The Ecosystem Approach in Ocean Planning and Governance takes stock of the challenges associated with implementing an ecosystem approach in ocean governance. In addition to theorizing the notion of Ecosystem Approach and its multifaceted implications, the book provides in depth analyses of lessons learned and remaining challenges associated with making the Ecosystem Approach fully relevant and operational in different marine policy fields, including marine spatial planning, fisheries, and biodiversity protection. In doing so, it adds much needed legal and social science perspectives to the existing literature on the Ecosystem Approach in relation to the marine environment. While focusing predominantly on the European context, the perspective is enriched by analyses from other jurisdictions, including the USA.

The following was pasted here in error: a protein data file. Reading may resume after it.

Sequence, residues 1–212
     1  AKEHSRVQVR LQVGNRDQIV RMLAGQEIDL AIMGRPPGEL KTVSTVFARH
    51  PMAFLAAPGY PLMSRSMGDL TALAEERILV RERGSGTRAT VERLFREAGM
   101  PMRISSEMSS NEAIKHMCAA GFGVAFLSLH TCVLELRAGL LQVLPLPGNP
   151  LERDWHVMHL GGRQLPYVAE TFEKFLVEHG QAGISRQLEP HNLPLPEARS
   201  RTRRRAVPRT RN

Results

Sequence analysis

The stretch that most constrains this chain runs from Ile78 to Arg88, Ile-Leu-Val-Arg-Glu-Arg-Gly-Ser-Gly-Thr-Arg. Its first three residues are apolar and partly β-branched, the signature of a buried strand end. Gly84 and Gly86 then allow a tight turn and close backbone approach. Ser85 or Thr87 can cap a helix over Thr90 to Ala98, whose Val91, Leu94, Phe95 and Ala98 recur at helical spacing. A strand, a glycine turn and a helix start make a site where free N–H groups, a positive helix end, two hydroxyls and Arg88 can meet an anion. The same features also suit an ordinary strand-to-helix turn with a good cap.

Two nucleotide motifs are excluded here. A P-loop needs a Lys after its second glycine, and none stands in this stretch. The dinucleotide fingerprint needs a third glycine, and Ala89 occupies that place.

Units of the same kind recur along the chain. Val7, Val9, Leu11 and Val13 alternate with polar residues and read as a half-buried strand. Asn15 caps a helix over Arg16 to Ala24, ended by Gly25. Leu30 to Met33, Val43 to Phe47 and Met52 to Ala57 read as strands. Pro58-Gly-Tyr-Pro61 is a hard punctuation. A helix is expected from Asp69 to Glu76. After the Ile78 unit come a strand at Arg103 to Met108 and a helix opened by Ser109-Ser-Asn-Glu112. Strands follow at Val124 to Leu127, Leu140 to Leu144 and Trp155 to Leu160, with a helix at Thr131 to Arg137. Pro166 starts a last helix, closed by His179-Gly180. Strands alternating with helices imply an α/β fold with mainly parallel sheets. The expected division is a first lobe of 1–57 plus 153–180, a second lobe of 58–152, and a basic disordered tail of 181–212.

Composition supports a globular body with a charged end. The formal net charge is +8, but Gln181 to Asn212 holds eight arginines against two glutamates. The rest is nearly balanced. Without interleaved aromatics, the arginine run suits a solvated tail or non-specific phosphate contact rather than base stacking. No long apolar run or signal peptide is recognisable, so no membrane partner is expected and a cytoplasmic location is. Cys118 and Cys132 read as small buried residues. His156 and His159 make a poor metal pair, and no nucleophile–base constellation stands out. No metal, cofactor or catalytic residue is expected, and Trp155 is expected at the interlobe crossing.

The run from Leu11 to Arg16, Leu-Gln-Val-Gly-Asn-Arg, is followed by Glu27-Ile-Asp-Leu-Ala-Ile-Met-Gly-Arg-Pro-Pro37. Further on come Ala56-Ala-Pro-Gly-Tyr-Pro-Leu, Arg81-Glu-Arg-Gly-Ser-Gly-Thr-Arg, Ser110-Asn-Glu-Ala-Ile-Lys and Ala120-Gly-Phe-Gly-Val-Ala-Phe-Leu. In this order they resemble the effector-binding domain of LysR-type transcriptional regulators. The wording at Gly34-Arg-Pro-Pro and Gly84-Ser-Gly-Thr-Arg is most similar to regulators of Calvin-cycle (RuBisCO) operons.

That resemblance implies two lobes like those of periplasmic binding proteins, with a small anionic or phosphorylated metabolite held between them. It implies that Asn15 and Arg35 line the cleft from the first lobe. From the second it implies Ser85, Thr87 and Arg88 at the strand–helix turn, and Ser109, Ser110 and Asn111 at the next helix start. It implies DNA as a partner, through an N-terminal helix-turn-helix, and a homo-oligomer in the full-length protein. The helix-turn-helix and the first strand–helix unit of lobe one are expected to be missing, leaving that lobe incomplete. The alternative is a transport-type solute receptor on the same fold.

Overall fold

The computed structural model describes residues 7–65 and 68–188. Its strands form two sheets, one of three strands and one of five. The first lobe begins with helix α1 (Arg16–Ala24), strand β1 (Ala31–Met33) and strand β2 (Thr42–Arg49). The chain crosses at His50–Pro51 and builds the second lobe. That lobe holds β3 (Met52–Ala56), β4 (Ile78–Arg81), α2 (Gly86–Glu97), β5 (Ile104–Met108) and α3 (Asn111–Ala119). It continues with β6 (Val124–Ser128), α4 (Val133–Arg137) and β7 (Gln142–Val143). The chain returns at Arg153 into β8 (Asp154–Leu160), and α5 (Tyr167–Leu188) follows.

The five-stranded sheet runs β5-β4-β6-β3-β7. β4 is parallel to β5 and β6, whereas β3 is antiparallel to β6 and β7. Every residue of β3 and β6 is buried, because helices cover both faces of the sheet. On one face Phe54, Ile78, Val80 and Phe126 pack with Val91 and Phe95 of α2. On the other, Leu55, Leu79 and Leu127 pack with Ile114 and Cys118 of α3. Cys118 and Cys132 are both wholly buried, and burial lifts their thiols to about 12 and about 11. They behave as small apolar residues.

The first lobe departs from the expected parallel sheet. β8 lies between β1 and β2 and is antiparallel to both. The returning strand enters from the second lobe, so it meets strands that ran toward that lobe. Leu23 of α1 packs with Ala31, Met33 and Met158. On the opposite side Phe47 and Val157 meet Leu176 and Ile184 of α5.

Principal approaches to ecosystem-based ocean management in the United States include five major strands: Legislation for EBM, Ecosystem-Based Fisheries Management, Integrated Ecosystem Assessment, Coastal and Marine Spatial Planning and Marine Protected Areas. The presence of multiple strands of action is indicative of a lack of an agreed goal for what ecosystem-based management of the ocean is expected to achieve. It also leads to uncoordinated and sometimes competitive processes that are confusing to ocean users and observers. This paper identifies the principal evolving trends in ecosystem-based approaches in the federal arena in the United States in both sectoral and integrated regional approaches. How these emerging national policies work illustrates how such approaches are generally inadequate to implement EBM.